WHEN INTERNATIONAL reader Sean P. Barry returns from Japan, I expect he will pose the same question about the iPhone as some on SlashDot raise in the most literate thread of 2007. "What's keeping US phones in the Stone Age?" (A: Lack of competition.) From the thread: "Looks aren't enough. Finally, the price is ridiculous. The device is an order of magnitude more expensive than my now year-old Keitai even with a two-year contract. After returning to the US from Japan, I've come to realize the horrible truth behind iPhone's buzz. Over the year I was gone, US phones haven't really done anything. Providers push a minuscule lineup of uninspiring designs and then charge unbelievable prices for even basic things like text messages. I was greeted at every kiosk by more tired clamshells built to last until obsolescence, and money can't buy a replacement for my W41CA." When I return to the States on my annual shopping expeditions, I walk among the mall rats and see how all the US providers are stuck with yesteryear's designs, tied to extortionate multi-year contracts. And I'm happy for the options availed in Ireland. I can get mobile phones to do as little as text and voice for less than $40 month. For those charges, I can download an unlimited amount of video that lines-out from my Nokia N95's 4GB removeable data card to my television. I'm just saying, not trying to articulate a feature set here.
Americans who visit us in Ireland had no idea how Europeans manage their phone contracts. I have lived in Germany and Ireland and operated my mobile phones in Turkey, Greece, Cyprus, Egypt, Kenya, Spain, Tunisia, Portugal, Italy, Sweden, Finland, Denmark and Turkey. The same phone works without anything special except for the hefty roaming charges outside of the European Community. To avoid those charges, I use a Roam4Free SIM.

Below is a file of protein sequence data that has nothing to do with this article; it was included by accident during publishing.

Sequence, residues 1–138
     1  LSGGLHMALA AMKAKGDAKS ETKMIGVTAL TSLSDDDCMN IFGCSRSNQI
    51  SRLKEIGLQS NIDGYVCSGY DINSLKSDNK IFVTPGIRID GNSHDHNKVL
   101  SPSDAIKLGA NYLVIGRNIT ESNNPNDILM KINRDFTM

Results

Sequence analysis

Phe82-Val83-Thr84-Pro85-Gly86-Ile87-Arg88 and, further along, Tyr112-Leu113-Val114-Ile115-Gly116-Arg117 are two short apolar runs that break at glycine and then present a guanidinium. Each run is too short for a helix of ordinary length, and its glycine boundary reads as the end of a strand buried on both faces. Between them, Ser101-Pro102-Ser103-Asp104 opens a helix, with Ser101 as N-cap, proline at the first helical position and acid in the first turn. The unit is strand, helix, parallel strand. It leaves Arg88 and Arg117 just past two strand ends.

Visitors from the States don't seem to know about the power consumers have when they unlock their phones. I normally take friends to boot sales where talented technicians unlock their phones for them for a nominal charge. The phone surgeons I trust in Thurles provide over-the-counter service too. You can jump from operator to operator since Europe abides by the GSM standard.
Irish citizens enjoy full number portability. We can keep our phone numbers even when changing providers but this facility works only in the same country.
Somehow, Americans have come to expect to pay a high level of interest on their phones. American consumers seem to think that their service providers have to add more capability to their local cell phone structure to accommodate new customers. They don't know that most of the cell phone infrastructure is built and paid for already. The money extracted from customers as part of the monthly contract fees is part of the profit picture of a mobile phone company.
Get a SIM-free phone, number portability and a feature set that works for you and like me, you can cut your monthly bills to below $40 a month for each phone. I use one $40 phone for primarily for voice and another $40 SIM for laptop data. When I have the need, I switch on a smartphone and its cameraphone uploads to Twitter, group texting and normal business usage runs me an average of $110 monthly. But I have cut that line item to zero when required.
Ireland's digital data landscape has developed a mobile dimension that works elegantly on trains, buses, and throughout all major cities. Mobile broadband, on phones and with laptop dongles, is a Skype-friendly service. When my brother visits from the States in August, I think he will be disappointed to return to the lesser-developed US cellular telephony landscape.